One of the 10 of the best tours of Iceland relies on the warm waters at Geysir. While you expect to see snowmobiling and hiking, few travelers consider snorkeling a Nordic pursuit. However, snorkeling at Silfra lets you view the great fissure where the European and North American tectonic plates meet and volcanic-heated waters rush to earth's surface. Visiting the continental rift means wearing a dry suit, as the water is only 2 degrees Celsius. Your tour begins in Reykjavik with meeting your guide at 9:30. Many tours include a visit to the Thingvellir National Park, Gullfoss waterfall and Geysir Hot Springs. Tours prices can include include Silfra's admission fees, snorkeling the rift and the equipment to do so, with transportation to and from your Reykjavik hotel. You'll need good walking shoes, warm underwear and outer clothing. If you plan to snorkel, you'll need a change of clothing and a towel. If you are vacationing with children, remember that many Iceland tours post suggested ages on their websites. The suggested age for Silfra's sightseeing tours is 12 years old.
Also near the Gullfoss waterfall lies the northern capital, Akureyri. This is Iceland's second largest town and is near Lake Myvatn's hot springs where you can join a tour to visit the craters, lava formations and waterfalls. Joining a tour means first flying from the Reykjavik airport to Akureyri to meet your tour guide. Before seeing anything else, you may spend time at the Gullfoss waterfall, where Thogeir Ljosvetningagod is reputed to have declared Christianity Iceland's official religion. The Skutustadagigat pseudocraters introduce you to the area's subterranean hot springs and the Dimmuborgir (Dark Fortress) lava formation. Through this part of the golden circle tour Iceland reveals how the country harnesses its geothermal resources to build a sustainable energy future.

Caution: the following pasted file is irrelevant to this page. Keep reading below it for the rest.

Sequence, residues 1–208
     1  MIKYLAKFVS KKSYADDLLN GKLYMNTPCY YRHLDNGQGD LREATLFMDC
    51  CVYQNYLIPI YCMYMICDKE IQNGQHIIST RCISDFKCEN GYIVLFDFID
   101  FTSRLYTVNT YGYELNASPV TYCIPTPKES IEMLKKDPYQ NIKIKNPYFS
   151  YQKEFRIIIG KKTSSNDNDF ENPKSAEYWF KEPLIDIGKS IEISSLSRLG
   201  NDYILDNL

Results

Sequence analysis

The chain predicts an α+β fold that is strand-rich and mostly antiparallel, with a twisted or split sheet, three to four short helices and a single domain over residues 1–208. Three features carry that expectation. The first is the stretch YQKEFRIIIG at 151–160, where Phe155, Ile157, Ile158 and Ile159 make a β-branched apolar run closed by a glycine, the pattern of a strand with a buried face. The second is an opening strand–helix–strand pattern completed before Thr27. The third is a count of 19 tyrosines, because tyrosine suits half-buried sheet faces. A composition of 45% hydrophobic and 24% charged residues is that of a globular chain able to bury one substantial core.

Thorsmork, or "Thor's Valley," is a natural groove in Iceland's wilderness. It's populated with birch and demands visitors explore in four-wheel drive vehicles. Some tourists have suggested you take something for motion sickness, as the drive to Thor's canyons, caves and rivers is quite challenging. The valley lies between two glaciers, Tindfjallajokull and Eyhajhallahokull, and once there, you'll find several one-hour hiking routes. Descend to the valley floor, near the Krossa river where the valley narrows, and you'll find a warmer climate.
Snaefellsnes Peninsula shelters birdlife among its lava fields and waterfalls. The peninsula is a geological treasure dominated by the Snaefellsjokull volcano that inspired Jules Verne's "Journey to the Center of the Earth." With the volcano, you'll also see the black pebble beach and its seasonal occupants, the seals. If you join a tour for hiking, bird watching and sightseeing, wear warm clothing and good walking shoes, as the tour can take eleven hours. While some of the best tours of Iceland do not provide meals, they stop for lunch and afternoon tea or coffee breaks.
Did you know that around 20 cetacean (whale) species frequent Iceland's waters? Whale watching tours can include humpback, blue and minke whales along with harbour porpoises and white-beaked dolphins. Iceland lies near two currents, one from the cold Arctic Sea and the other from the warmer Atlantic Ocean. This combines with the shallower depths to make the waters around Iceland ideal feeding grounds for seagoing mammals. You can find Iceland tours combining whale watching with other attractions in The Golden Circle.